Thursday, July 06, 2006

Edison #23, Robot Inventor

I will give you back your sparkling city then, the new one you clamor for, the one you saw once in a dream. I will build it back up before your eyes. See it prodding with its sharp white points at a blue heaven? Spiraling highways, three layers of hovering cars, rocket ships carving arcs across the sky. Everything shiny and piled high as it should be; this is the wedding cake for the marriage between technology and the human spirit. Look how much the happy couple has made of it all—how great their love must be. Look at all that has been baked and constructed upon this earthy platform to celebrate the undying and fully requite affection between man and what man can do.

I give you all this, but then a grey sheet of clouds passes over it. An ash-like snow collects on the monorails and travel tubes, on the spires and moving sidewalks. It has always been so bright and sunny here, but now these flakes gather like a heavy dust over all of our accomplishments.
A Robot, on his way to work, looks up at the sky and wonders how things could have changed so suddenly.

It started out so nice today, he says to a passing stranger.

You know what they say about the weather around here, the stranger says. If you don’t like it, hang around for a few minutes and it’ll change.

Ha ha ha, the robot says, but it is only because of a switch he has politely flipped on in his brain. He has heard this joke 342 times before. Just wait a few minutes. Boy, that’s for sure, the Robot says.

But the stranger has already moved on. The sidewalk has carried him to the corner where he steps off and must cross the street under his own limping power.

The Robot steps onto a platform and sinks quickly beneath the pavement. The layers of pipes, cables and sewers that support this city pass by him as he descends lower and lower. It is dark here and unadorned, because it is for him and his kind and they do not require light or frills or faux wood paneling. He is finally dropped onto a speeding conveyor belt far below the city. It is filled with robots of all makes and models, rushing through the darkness on their way to work. The only lights are the various red or green glowing eyes and diodes of the robots. Overhead, dim objects—pipes, beams, the ragged cement feet of buildings dangling through the ground-- slide by at an alarming rate. There is the whir of the great gears turning, and the rushing of black air.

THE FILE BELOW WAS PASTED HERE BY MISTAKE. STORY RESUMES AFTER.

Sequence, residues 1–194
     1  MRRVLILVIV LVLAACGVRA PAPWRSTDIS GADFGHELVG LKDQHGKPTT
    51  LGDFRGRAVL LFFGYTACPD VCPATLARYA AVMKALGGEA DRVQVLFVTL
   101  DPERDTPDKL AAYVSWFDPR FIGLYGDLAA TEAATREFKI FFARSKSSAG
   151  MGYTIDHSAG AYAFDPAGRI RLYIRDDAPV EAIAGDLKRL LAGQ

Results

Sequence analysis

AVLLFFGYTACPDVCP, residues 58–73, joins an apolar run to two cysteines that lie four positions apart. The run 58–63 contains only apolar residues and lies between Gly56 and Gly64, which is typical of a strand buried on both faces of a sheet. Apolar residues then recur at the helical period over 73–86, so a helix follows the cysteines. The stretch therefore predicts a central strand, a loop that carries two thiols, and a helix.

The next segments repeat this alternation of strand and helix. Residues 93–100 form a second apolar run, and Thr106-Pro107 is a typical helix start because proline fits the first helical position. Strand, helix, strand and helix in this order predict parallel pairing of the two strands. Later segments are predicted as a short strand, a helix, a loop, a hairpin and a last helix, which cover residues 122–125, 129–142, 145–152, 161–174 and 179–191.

The Robot senses his stop approaching (a beeping sound has begun in his brain) and extends his arm upward just in time to grasp onto a metal handle hanging from a thin metal cable. The handle pulls him out of the masses and flings him upward through a hole in the ceiling. He is shot like a bullet through a long, black tube before finally exiting the transit system with a quiet pop as he is pushed out of a hole in the sidewalk and lands with a soft metallic clink onto the pavement.

Home sweet home, he says bitterly and walks up the three steps to the massive glass entrance of the United Consolidated Conglomerations building. He crosses the lobby, takes the service elevator to his cubicle on the 92nd floor. He sits down, pulls out a tangle of cables from beneath the desk and plugs the ends of them into his visual receptors, his audio input display, his random idea generator and two fingers of his left hand.

By noon he has invented three new things.


Blogger shadmarsh said...

Excellent. reminds me of Futurama, which was brilliant.

9:34 AM  
Blogger Bobby Farouk said...

Everything shiny and piled high as it should be; this is the wedding cake for the marriage between technology and the human spirit.


6:08 PM  

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